Home builders view manufacturers’ product innovations from a slightly different point of view. How can we be sure new products will stand the test of time, they ask. What about market acceptance, they wonder.
The disconnect between builders and their suppliers when it comes to new product technology is significant. On average, it takes more than 10 years for a new technology to be absorbed into the mainstream of housing, according to a study by the NAHB Research Center. A separate survey of 417 builders conducted at LeMoyne College found that those polled had adopted just 1.6 improvements out of a list of 10 changes in construction methods and materials.
To bridge this gap and put builders and manufacturers on the same page when it comes to new product technology, Professional Builder, with the NAHB Research Center, recently sponsored an industry roundtable on the subject in Tuscon, Az. Some of the issues addressed by builder and manufacturer participants were:
Builder Perspectives: One builder participant, Randy Luther, vice president of construction technology at Centex Homes, suggested that manufacturers consider new product development from a value perspective.
"Value is the same product at a better price. Value is a better product at the same price. Value is a better product at a better price. Value is not the same product at a higher price," explained Luther.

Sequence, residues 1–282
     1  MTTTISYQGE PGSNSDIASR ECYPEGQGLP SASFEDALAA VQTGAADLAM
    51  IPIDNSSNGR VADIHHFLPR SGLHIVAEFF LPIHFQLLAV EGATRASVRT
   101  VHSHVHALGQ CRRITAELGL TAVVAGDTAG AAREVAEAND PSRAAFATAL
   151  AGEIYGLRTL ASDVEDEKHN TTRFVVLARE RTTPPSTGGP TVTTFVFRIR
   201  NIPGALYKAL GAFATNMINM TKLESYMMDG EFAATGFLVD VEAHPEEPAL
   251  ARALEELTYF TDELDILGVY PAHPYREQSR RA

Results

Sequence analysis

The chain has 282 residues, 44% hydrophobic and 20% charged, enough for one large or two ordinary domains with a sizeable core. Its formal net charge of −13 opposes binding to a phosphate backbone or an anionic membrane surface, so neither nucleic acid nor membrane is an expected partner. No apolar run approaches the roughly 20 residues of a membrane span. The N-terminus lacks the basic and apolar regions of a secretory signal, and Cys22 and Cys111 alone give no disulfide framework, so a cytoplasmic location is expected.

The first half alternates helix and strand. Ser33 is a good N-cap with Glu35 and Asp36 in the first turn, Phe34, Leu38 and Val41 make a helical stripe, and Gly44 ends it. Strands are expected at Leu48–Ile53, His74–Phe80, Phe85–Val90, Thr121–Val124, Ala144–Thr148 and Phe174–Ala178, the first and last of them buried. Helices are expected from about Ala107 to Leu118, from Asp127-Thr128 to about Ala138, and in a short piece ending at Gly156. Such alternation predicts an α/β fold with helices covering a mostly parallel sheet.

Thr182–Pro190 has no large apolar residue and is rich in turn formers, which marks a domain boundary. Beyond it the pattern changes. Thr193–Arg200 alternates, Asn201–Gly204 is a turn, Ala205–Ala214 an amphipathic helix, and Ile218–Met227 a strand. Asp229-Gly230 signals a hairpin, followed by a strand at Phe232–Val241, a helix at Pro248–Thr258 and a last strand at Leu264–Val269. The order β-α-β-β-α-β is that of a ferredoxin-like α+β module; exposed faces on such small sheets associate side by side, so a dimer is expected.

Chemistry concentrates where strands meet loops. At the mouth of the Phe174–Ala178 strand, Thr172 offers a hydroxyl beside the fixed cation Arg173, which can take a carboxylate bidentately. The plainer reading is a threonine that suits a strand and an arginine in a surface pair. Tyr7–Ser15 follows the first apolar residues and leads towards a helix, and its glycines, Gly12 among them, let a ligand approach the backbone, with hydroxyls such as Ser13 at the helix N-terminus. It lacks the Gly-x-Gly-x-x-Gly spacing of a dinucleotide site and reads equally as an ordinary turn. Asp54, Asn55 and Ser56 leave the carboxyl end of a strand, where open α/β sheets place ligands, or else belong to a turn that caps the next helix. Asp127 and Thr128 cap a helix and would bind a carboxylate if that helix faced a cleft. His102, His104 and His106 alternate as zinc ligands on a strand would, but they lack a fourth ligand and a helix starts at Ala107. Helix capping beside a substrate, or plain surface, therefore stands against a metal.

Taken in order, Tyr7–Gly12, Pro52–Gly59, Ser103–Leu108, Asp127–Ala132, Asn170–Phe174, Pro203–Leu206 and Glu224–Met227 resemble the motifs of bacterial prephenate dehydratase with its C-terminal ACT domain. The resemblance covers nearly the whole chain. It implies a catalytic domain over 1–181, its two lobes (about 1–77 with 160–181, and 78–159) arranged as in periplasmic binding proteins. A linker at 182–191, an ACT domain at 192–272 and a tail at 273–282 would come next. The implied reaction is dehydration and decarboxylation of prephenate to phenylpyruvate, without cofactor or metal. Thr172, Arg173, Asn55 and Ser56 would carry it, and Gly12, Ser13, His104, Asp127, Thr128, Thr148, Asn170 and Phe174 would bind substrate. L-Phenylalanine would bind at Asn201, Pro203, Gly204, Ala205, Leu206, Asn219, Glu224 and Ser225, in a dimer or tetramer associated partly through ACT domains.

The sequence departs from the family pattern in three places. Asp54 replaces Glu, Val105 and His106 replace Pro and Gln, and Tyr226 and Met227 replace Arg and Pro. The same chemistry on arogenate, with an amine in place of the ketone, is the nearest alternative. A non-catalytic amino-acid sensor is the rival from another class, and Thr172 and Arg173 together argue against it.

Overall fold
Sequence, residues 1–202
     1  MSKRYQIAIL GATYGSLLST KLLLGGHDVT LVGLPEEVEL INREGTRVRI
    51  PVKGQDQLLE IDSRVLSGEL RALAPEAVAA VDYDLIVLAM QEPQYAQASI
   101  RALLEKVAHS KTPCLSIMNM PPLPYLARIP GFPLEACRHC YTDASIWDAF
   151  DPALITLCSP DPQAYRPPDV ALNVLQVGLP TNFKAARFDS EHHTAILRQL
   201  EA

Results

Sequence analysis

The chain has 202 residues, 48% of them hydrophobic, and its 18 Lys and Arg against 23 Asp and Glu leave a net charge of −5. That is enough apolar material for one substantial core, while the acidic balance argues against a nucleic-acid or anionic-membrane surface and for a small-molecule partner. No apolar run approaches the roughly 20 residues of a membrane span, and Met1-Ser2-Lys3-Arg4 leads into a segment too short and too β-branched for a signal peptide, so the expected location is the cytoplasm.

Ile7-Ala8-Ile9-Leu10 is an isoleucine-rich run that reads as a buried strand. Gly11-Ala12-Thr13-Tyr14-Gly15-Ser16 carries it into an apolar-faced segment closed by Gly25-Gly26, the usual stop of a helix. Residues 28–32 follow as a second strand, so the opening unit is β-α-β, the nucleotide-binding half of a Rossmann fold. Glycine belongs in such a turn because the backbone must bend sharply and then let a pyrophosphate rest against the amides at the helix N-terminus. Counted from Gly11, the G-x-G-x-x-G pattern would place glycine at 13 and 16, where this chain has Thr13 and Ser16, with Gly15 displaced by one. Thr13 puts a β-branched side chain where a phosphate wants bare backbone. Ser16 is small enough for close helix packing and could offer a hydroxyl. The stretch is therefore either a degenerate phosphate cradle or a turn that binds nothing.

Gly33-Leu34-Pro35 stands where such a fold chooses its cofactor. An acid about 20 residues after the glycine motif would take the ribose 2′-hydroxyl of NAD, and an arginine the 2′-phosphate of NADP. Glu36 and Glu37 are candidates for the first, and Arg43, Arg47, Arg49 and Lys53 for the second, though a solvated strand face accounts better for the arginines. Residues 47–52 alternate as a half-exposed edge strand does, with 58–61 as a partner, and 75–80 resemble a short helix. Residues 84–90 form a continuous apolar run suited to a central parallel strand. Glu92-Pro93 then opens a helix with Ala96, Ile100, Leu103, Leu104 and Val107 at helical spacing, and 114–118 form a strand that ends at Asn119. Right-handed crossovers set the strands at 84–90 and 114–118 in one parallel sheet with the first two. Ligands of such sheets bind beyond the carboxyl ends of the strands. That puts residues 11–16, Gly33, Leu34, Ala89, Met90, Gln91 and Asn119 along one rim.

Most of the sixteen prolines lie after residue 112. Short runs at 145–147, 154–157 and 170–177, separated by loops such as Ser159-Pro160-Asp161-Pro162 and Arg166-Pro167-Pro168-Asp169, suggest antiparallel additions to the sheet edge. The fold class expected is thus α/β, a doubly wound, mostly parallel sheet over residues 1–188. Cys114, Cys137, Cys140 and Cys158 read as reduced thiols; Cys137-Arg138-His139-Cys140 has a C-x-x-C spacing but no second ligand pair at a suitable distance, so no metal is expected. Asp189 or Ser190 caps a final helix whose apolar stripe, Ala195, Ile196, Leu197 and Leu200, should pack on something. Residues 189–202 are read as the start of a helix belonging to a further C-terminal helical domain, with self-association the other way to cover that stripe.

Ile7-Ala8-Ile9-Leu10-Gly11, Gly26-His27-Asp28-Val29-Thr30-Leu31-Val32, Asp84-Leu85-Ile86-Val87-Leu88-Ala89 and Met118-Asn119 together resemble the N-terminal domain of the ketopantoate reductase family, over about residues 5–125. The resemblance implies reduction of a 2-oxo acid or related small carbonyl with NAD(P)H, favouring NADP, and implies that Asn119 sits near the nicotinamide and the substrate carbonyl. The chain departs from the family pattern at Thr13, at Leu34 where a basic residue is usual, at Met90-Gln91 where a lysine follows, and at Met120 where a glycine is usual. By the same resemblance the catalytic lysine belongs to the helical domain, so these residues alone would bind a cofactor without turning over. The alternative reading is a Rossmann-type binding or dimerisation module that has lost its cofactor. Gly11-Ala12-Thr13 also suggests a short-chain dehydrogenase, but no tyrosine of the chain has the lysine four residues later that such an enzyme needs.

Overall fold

In considering new products, Luther outlined his review process. Key points in the process are:
After collecting this data, Luther compiles a final score that includes the impact of technology, the cost compared to current best practice and the customer benefit rating. Of all the material presented to Luther for review, fewer than 10 percent of the products receive a composite score that merits further action.
While the review process among custom and small-volume builders is less formal, it is no less intensive. Michael Mendelsohn, a custom builder in Scottsdale, Az , regularly uses new construction technology in his homes.
"It is a point of differentiation for me in the market," explained Mendelsohn. "My clients are very savvy and expect the most sophisticated products in their home."
Manufacturer Wants: More than anything, building material manufacturers participating in the roundtable discussion wanted:
"If I know I have a builder’s business for two years, I’m more likely to work with the customer to understand his business issues and find ways my company can help solve them," said Mike Ulinski, director - national builder sales for Masco Corp.